The inconvenient truth for Democrats is that they have no hope of exercising federal power without investing in long-shot races in hostile territory. While Team Blue has won the popular vote in six of the last seven presidential elections, the emerging Democratic majority is increasingly concentrated in the urban centers of America’s most populous states. This demographic reality — combined with Republican gerrymandering — means that Democratic congressional candidates could win 7 percent more votes in next year’s midterm elections, and still fail to secure a majority of House seats. Just as critically, the concentration of Democratic support in cities and on the coasts means that the party will never enjoy full control of the federal government without winning Senate elections in heavily white, heavily rural states that can’t currently be trusted to prefer Democrats over sex criminals.

Right now, the party’s path to a (razor-thin) majority in the upper chamber after 2018 likely requires holding seats in West Virginia, North Dakota, Indiana, Missouri, and Montana — unless they can pick one up in Texas or Tennessee. Meanwhile, establishing some approximation of parity in House elections will require Democrats to influence redistricting efforts, and that will require the party to win some gubernatorial elections in improbable places. And, of course, Democrats will never regain a filibuster-proof majority — or the amount of power in statehouses they enjoyed in 2009 — without pulling off some straight-up state-level political revolutions.

None of this can be achieved without expending donor money (and activist energy) on a lot of losing campaigns. There are plenty of states and districts that Democrats can’t win in the next four years — but they might in the next eight, if they invest in the right lost causes before then.

Voting is a habit. And by neglecting to run compelling, state-level candidates in red states, Democrats have prevented many left-leaning constituencies from developing that custom. The party’s demographic disadvantages would be significantly ameliorated if nonwhite Americans registered to vote — and then, showed up at the polls — at the same rates as their white counterparts. According to the Census Bureau, 74 percent of non-Hispanic whites are registered to vote in the U.S. For African-Americans, that figure is 69 percent; for Latinos, it’s 57. If Democrats had spent more money bankrolling the long-shot campaigns of candidates with special appeal to Latinos in Texas, and African-Americans throughout the deep South, those racial gaps might be a bit narrower — and Democrats’ electoral math a bit less foreboding. Beyond expanding the electorate, investing in red-state Democratic parties and their candidates would also allow more Republican voters the opportunity to learn about progressive politics from an entity that isn’t bankrolled by Rupert Murdoch, Robert Mercer, or the Koch brothers.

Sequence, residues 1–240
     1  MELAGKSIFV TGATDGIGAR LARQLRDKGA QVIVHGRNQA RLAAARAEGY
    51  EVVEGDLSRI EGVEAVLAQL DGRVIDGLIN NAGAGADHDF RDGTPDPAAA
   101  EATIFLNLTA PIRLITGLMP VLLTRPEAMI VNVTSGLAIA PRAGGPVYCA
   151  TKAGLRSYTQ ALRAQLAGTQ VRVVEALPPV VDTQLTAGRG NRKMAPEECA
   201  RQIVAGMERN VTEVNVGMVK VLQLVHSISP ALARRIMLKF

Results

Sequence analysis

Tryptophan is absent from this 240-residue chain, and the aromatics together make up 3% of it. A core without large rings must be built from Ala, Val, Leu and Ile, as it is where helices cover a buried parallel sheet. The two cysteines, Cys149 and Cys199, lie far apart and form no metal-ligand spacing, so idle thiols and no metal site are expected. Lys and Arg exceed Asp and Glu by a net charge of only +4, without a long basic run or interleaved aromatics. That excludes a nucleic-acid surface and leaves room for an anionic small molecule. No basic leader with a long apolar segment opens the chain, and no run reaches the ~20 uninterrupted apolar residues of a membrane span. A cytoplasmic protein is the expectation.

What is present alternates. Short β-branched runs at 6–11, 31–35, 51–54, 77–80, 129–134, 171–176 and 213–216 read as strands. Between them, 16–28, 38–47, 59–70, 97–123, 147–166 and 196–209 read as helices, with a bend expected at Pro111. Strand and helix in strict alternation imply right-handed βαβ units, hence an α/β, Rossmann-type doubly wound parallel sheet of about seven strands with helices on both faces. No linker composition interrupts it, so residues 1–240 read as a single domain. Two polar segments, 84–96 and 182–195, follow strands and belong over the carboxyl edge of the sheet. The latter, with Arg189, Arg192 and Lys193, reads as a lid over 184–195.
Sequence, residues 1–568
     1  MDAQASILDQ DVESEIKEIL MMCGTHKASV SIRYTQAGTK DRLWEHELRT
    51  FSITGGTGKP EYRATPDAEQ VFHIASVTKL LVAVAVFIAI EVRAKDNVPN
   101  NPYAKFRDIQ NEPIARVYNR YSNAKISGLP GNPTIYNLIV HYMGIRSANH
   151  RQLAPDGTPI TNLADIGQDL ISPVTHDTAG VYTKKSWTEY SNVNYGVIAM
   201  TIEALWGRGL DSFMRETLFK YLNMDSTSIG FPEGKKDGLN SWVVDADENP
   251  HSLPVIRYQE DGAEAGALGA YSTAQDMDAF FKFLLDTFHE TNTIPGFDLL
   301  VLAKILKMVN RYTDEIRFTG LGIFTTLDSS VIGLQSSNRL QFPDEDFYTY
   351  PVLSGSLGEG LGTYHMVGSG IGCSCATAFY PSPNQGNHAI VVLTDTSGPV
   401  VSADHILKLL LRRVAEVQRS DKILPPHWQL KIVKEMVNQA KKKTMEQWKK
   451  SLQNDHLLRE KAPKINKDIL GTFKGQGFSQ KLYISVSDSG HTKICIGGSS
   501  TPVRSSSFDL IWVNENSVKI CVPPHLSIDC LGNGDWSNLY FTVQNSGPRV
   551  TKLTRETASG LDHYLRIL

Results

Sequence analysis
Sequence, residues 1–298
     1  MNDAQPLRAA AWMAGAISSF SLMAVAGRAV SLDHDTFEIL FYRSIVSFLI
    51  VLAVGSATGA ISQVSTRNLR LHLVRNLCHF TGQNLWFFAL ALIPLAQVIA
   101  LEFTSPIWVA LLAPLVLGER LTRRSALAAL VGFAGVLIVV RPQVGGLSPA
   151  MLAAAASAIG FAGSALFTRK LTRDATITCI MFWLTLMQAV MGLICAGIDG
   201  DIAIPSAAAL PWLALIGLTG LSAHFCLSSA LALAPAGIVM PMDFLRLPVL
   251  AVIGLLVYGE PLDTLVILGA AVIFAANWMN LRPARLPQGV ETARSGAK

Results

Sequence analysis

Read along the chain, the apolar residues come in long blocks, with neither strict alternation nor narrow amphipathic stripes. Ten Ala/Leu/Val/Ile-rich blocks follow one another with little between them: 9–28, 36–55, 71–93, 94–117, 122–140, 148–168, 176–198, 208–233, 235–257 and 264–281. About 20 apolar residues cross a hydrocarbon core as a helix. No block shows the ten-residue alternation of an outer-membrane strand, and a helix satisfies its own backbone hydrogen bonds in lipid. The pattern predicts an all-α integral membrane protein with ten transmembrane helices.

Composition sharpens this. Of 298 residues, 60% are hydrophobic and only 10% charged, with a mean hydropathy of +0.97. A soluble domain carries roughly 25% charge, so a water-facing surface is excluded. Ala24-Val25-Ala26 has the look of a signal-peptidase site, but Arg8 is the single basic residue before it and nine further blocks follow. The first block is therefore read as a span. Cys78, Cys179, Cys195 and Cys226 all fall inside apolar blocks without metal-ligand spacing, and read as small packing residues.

In most cases, these investments won’t pay dividends for some time. Some may never. But eventually, somewhere, opportunity will knock. Most Republican candidates have never been banned from malls for hitting on middle-school girls. But nearly all of them subscribe to a fringe economic ideology that requires them to shift resources away from public goods and into the pockets of a reactionary donor class. And when conservative voters see what the trade-offs of “small government” actually are — bigger McMansions for the elite, four-day school weeks for the rabble — they might start longing for a new deal.

So, as tax-cut-induced austerity ravaged Oklahoma in 2016, Democrats decided to take a gamble. The party threw $200,000 at the state Senate campaign of a well-respected school superintendent looking to oust Republican incumbent Dan Newberry. They lost that race in west Tulsa County by 15 percentage points.

A few months later, Newberry stepped down from the Senate — and a 26-year-old lesbian Democrat won a special election to take his place.

Jones’s Victory Shows Why Democrats Must Compete Everywhere